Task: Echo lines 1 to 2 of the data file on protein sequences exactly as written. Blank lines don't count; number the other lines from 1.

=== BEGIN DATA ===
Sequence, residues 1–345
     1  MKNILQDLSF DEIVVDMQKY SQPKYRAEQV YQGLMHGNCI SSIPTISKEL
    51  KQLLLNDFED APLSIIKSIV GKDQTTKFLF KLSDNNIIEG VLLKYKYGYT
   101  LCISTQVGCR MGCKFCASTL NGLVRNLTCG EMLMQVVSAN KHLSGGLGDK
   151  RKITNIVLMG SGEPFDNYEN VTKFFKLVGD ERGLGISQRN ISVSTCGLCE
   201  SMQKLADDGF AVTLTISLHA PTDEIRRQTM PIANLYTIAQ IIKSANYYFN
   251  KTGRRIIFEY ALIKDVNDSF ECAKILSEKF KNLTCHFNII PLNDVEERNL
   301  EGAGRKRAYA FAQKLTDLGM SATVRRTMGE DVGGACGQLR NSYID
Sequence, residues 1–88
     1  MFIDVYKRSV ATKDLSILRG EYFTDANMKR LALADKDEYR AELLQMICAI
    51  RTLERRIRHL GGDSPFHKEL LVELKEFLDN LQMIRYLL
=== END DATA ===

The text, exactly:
Sequence, residues 1–345
     1  MKNILQDLSF DEIVVDMQKY SQPKYRAEQV YQGLMHGNCI SSIPTISKEL